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Want to help birds? Count the dead ones in Downtown Jacksonville

Lights Out.jpg
Duval Audubon Society
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A flier for Lights Out Northeast Florida

Birds migrate up and down the eastern U.S. twice a year, in the fall and spring. Passing through cities like Jacksonville can be a deadly affair.

The national Lights Out initiative tries to make the endeavor safer, with Lights Out Northeast Florida launching in Jacksonville in 2019.

The local effort is a partnership between the Jacksonville Zoo and Gardens and the Audubon Societies of Duval and St. Johns counties. It has surveyed Downtown Jacksonville the past two years to find out where birds are dying during their migration and what buildings they are hitting. The goal is to get good data, then talk to building owners and managers about what they can do to help.

"Really all we're asking for is from 11 o'clock at night to 6 o'clock in the morning for eight to 10 weeks, each season... to get them to agree to turn (their lights) off," Mike Taylor, Jacksonville Zoo curator and local lead for Lights Out, said.

From March 15 to May 15 — spring — and Sep. 15 to Nov. 15— fall — birds travel in their peak migration. That means millions of birds, especially songbirds, cross through Jacksonville.

They're reliant on stars and the moon to guide them, which they can confuse with the lights of tall buildings. This can lead to disorientation and getting lost in cities, or worse, death by crashing straight into skyscrapers.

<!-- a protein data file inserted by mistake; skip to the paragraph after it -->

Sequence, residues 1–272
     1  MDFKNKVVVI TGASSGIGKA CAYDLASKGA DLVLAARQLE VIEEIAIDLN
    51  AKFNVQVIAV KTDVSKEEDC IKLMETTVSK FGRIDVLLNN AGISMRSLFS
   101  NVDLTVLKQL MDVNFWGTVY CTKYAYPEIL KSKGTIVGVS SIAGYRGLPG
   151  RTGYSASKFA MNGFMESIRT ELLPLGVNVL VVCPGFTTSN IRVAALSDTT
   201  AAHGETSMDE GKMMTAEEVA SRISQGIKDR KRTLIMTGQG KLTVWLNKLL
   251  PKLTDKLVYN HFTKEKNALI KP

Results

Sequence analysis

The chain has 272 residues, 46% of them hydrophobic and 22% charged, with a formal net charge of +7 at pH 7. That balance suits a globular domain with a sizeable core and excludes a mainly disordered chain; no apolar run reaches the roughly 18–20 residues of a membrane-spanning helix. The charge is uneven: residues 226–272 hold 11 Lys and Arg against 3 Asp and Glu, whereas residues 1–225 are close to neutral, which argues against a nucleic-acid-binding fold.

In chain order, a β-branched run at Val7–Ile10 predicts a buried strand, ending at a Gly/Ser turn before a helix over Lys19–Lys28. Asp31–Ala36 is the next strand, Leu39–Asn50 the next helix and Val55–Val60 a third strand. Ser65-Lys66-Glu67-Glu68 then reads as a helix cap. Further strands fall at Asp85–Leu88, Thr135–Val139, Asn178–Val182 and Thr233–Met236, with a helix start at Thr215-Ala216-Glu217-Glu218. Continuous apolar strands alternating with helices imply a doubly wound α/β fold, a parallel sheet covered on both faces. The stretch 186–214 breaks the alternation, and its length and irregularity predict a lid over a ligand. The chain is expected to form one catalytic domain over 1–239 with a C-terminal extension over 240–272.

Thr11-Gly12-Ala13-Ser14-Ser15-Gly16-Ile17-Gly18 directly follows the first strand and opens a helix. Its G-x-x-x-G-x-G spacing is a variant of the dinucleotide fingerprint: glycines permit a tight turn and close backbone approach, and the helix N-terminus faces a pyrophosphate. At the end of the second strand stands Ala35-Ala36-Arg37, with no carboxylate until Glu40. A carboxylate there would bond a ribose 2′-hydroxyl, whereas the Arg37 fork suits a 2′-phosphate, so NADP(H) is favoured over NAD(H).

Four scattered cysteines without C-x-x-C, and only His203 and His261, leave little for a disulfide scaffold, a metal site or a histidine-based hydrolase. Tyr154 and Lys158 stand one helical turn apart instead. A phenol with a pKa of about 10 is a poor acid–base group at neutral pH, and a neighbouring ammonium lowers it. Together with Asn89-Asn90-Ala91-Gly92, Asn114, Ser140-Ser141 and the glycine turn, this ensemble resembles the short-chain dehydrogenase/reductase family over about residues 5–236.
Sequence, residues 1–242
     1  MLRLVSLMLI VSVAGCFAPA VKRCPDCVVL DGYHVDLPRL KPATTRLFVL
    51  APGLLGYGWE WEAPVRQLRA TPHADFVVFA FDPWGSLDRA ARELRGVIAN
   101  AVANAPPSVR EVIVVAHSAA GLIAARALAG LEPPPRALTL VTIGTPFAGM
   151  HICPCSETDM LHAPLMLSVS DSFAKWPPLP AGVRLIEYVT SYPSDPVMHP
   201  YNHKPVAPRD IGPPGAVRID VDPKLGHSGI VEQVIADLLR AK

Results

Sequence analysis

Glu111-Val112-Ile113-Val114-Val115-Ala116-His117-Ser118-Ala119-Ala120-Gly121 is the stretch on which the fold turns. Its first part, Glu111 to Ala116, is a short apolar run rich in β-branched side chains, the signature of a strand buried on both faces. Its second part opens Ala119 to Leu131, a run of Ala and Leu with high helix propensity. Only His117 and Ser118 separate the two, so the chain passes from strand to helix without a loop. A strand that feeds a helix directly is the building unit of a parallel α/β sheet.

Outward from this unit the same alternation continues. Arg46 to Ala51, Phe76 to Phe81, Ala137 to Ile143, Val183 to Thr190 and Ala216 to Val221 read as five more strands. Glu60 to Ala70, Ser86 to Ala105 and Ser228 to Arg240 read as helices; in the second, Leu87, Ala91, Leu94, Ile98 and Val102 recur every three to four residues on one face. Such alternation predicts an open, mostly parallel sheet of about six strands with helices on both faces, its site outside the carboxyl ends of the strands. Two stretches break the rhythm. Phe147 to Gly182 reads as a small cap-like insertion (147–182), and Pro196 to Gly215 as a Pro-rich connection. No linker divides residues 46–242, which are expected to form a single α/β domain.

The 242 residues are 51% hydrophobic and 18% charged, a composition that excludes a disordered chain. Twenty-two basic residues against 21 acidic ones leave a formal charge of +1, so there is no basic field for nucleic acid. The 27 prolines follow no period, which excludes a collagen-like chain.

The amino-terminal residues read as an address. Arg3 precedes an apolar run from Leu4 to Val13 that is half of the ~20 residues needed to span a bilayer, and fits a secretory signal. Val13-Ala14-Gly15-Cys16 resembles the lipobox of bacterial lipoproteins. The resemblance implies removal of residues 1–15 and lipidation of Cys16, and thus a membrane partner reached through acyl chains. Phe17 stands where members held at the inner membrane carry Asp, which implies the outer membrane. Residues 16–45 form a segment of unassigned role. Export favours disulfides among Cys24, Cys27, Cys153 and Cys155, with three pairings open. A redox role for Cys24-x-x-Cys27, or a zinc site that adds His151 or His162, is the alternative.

Those who get waylaid by building lights and are too tired to continue their night flight will sometimes land and rest until morning. Unfortunately, their troubles don't end there, according to Carol Bailey-White, president of the Duval Audubon Society.

"Birds cannot really distinguish between the sky and the reflection of the sky in a very clean window," she said. Come dawn, tall buildings with large glass paneling or reflective surfaces provide a deadly threat to birds who may smack into them thinking they're heading skyward.

"I think it's important not only to turn your lights off at night, but also to treat your windows," Bailey-White said. "This applies to private homes as well, it's easy enough... if you put something on your window to disrupt that reflection then that will save a lot of bird lives."

Taylor said home owners can also help by dimming security lights.

"Make sure they're shielded down if you want them on 24/7 or have them on motion sensors," he said. "Either way, if it's a motion sensor or is shielded down to where birds don't see it when they're flying overhead, every light out helps."

For the seasonal survey, volunteers pair up and trek through Downtown Jacksonville just before dawn once a week to count and collect stunned or dead birds that have run into buildings.

Last fall yielded nearly 200 dead or injured birds. This past spring turned up 37. The group expects a high number for the upcoming fall canvass, which coincides with the migration peak from Sep.15 to Nov. 15.

Interested in volunteering? Sign up here or on the Duval Audubon Society Facebook page to take part in a Sep. 10 training at the Jacksonville Zoo.

Reporter Raymon Troncoso joined WJCT News in June of 2021 after concluding his fellowship with Report For America, where he was embedded with Capitol News Illinois covering Illinois state government with a focus on policy and equity. You can reach him at (904) 358-6319 or Rtroncoso@wjct.org and follow him on Twitter @RayTroncoso.